American and Muslims Voices: Both Seek Common Ground on U.S. Foreign Policy

In the latest Washington Post/ABC poll respondents by 16 points favored McCain over Obama in knowledge about world affairs. In an effort to overcome such perceptions Obama will undertake a major international trip later this month. While details of the trip remain vague, it is the expected that Obama, in addition to visiting our traditional allies in Europe will also visit Muslim countries like Jordan, Iraq and Afghanistan.

Obama is also expected to give a major speech in front of the historic
Brandenburg Gate in Berlin. After seven years of Bush unilateralism, mending fences with Europe is desirable and understandable. However, the European challenge pales in front of the continued worsening of our relationship with the Muslim world. American troops are engaged in two wars in the Muslim nations of Iraq and Afghanistan and are perhaps poised to invade a third, Iran.

Moreover, ill-advised rhetoric from the Presidential candidates, continue to add fuel to the fire. McCain singing “
bomb Iran” and “joking” about exporting American cigarettes to kill Iranians or Obama supporting an “undivided Jerusalem” (which he later backtracked on) and “willing to attack inside Pakistan” are hardening perceptions about America’s intent in the Muslim world.

Earlier last year, Steven Kull, editor of
testifying before House Committee on Foreign Affairs said, "For decades, polls in the Muslim world and the statements of Muslim leaders have shown a variety of resentments about US policies. Muslims share the worldwide view that the US does not live up to its own ideals of international law and democracy. … These attitudes persist. But now there … now seems to be a perception that the US has entered into a war against Islam itself.” No more than 5 to 10 percent of people living in Muslim majority countries find the United States to be trustworthy, friendly or respectful. Even those Muslims who aspire to better relations with the West remain skeptical of the United States (in “Who Speaks for Islam?” by John Esposito and Dalia Mogahed).

Dotting these ominous clouds are many silver linings promising hope.

A recent Gallup poll, chronicled in Esposito and Mogahed’s book, shows that nearly
9 in 10 Muslims support freedom of speech, defined as allowing all citizens to express their opinions freely on all major issues of the day. Overwhelming majorities support women having the same legal rights as men. Similar numbers hold beliefs that their faith ought to inform and guide them in their politics. Yet most do not want sacred religious texts to be the exclusive source of law in their societies.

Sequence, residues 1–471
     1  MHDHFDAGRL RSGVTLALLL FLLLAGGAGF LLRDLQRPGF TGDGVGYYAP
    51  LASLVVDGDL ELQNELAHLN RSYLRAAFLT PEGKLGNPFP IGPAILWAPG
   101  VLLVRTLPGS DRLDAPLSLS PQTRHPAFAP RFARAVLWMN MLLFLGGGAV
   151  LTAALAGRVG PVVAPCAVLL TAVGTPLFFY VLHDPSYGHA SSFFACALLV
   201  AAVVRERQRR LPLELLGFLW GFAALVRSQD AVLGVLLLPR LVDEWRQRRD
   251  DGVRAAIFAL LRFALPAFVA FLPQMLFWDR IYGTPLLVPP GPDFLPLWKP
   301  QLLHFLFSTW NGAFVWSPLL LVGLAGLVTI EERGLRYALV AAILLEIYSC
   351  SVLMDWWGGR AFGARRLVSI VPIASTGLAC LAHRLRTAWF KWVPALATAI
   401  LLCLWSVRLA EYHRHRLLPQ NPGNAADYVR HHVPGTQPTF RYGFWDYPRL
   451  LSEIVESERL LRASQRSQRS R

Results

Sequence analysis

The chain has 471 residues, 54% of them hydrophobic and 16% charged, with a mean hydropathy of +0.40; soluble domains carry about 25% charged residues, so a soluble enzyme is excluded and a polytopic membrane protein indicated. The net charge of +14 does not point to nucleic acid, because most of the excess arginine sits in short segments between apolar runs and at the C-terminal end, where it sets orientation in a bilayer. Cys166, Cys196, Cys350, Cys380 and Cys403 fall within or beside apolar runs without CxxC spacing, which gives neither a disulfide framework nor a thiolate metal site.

The most common aspiration, all across the Muslim world, is to see America help in reducing unemployment, improving economic infrastructure, respecting political rights and promoting freedom.

Back at home, in a poll conducted by the non-partisan group
Public Agenda, overall anxiety about foreign policy remains high. Clear majority of American’s support diplomatic and economic means to resolve conflicts. Nearly half favor the use of such methods to deal with Iran. Most respondents want America’s top foreign policy priorities to be humanitarian, such as assisting with clean water supplies, helping poor countries move out of poverty, providing more access to education or controlling the spread of deadly diseases.

Such convergence of aspiration creates new opportunities for cooperation through sustained intellectual and diplomatic engagement. To his credit,
Obama in a July 15 interview with CNN’s Larry King spoke about the need to engage with Pakistan’s newly elected government. He went on to say, “what we need to do is to form an alliance with the Pakistani people, saying that we're willing to significantly increase aid for humanitarian purposes, for schools, for hospitals, for health care. We want to support democratic efforts in Pakistan.”

In addition, increasing student and scholar exchange programs, spending on anti-poverty programs, opening new opportunities for businesses will do more to help America’s security and image than putting more boots on the ground. It is time to break our foreign policy from the grips of special interest groups whose ideological bent have dragged us into unnecessary wars fueling dangerous perceptions about America’s neo-imperialistic intentions.